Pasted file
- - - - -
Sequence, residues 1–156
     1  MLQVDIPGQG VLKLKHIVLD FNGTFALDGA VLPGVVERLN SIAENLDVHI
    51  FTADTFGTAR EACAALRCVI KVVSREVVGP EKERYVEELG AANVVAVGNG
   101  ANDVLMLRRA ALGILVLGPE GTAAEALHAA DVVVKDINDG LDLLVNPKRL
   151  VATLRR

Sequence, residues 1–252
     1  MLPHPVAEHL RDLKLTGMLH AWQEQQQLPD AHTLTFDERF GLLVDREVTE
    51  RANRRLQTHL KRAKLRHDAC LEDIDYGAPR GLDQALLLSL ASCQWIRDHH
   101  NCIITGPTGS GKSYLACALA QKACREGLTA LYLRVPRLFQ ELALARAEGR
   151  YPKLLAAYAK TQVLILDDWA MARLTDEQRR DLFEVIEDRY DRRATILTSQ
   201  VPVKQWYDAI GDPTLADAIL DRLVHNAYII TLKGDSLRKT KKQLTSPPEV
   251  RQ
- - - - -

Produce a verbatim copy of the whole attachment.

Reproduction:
Sequence, residues 1–156
     1  MLQVDIPGQG VLKLKHIVLD FNGTFALDGA VLPGVVERLN SIAENLDVHI
    51  FTADTFGTAR EACAALRCVI KVVSREVVGP EKERYVEELG AANVVAVGNG
   101  ANDVLMLRRA ALGILVLGPE GTAAEALHAA DVVVKDINDG LDLLVNPKRL
   151  VATLRR

Sequence, residues 1–252
     1  MLPHPVAEHL RDLKLTGMLH AWQEQQQLPD AHTLTFDERF GLLVDREVTE
    51  RANRRLQTHL KRAKLRHDAC LEDIDYGAPR GLDQALLLSL ASCQWIRDHH
   101  NCIITGPTGS GKSYLACALA QKACREGLTA LYLRVPRLFQ ELALARAEGR
   151  YPKLLAAYAK TQVLILDDWA MARLTDEQRR DLFEVIEDRY DRRATILTSQ
   201  VPVKQWYDAI GDPTLADAIL DRLVHNAYII TLKGDSLRKT KKQLTSPPEV
   251  RQ